Restless Leg Syndrome and Diabetes
There is a connection between diabetes and restless leg syndrome. The excessively high blood sugar levels of diabetics can cause nerve damage, known as diabetic peripheral neuropathy. Nerve damage in the legs and feet caused by peripheral neuropathy can contribute to developing restless leg syndrome.
Studies have shown that there is a major correlation between the two conditions and that people with diabetes are more likely to develop RLS. Diabetes itself causes enough sleep-related problems for sufferers as improper glucose metabolization can interfere with sleep.
Diagnosing and Testing for Restless Legs Syndrome
Unfortunately, there is no official test for detecting RLS. A physician will examine a patient and make a decision based on their evaluation and their discussion with the patient. The five key elements of a clinical diagnosis of RLS are:
- The overwhelming urge to move legs characterized by an uncomfortable or unpleasant sensation
- The urge to move the legs gets worse if they aren’t moved
- The urge is temporary and is partially/fully relieved with movement
- The urge for movement is worse during the night
- The above factors are not caused by another behavioral or medical condition the patient has
Physicians will rely heavily on the individual’s own description of their symptoms, triggers, and relieving factors. They will also consider how symptoms appear and disappear during the course of the day. They may also conduct a physical and neurological exam and consider the medical and family history of a patient for a more effective diagnosis.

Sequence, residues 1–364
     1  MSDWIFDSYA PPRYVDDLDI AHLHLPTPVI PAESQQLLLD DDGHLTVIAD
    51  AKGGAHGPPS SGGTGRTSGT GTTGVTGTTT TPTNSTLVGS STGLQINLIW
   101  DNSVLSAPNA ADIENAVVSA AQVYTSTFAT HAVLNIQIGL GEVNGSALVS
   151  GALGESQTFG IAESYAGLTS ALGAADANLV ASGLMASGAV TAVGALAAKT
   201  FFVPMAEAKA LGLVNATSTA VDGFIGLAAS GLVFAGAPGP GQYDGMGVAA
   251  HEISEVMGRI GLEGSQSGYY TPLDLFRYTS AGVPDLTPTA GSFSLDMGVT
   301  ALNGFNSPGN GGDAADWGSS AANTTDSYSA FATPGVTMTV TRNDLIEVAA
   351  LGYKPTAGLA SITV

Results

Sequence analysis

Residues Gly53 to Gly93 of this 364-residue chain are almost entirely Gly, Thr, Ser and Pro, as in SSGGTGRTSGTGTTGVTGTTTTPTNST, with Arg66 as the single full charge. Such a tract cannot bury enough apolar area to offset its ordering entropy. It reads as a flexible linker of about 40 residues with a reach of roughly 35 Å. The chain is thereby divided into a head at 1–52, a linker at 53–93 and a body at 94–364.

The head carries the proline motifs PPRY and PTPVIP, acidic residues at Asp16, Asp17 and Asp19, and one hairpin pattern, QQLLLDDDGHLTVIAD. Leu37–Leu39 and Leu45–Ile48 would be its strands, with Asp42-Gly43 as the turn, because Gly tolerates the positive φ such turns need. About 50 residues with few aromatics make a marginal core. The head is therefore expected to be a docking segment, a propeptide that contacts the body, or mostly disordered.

Individuals will likely be asked for information about the frequency and intensity of their symptoms; if the symptoms are alleviated by movement; how long it takes them on average to fall asleep; if their symptoms are painful; if they are likely to sleep during the day; and any possible impairment of sleep and regular daytime functioning.
Ruling Out Potential Causes
The signs and symptoms of Restless Leg Syndrome may be connected to other health issues. A physician will want to rule these out for a more accurate diagnosis. Laboratory tests can be used to rule out factors such as iron deficiency anemia (a separate condition caused by an iron deficiency), kidney failure, and pregnancy. Blood tests may help to identify medical disorders or iron deficiencies associated with restless leg syndrome.
Sleep studies may be used to find another cause for the sleep disturbance. For example, a polysomnography test, which measures brain activity, breathing, heart rate, and movement during sleep, can help to identify sleep apnea. These tests can also help to support the RLS diagnosis but these symptoms are not exclusive to RLS and are not necessarily RLS indicators.
Restless Legs in Pregnancy
It’s estimated that up to 25% of pregnant women suffer from restless leg symptoms.
The good news is that restless legs in pregnancy are mostly a temporary concern. The symptoms will generally peak during the third trimester and will disappear entirely by the time te baby is born – or within a month after birth. Women that get pregnant while suffering from RLS may find their condition gets worse during pregnancy. Women who are taking medication to manage their RLS should stop taking the medication prior to getting pregnant.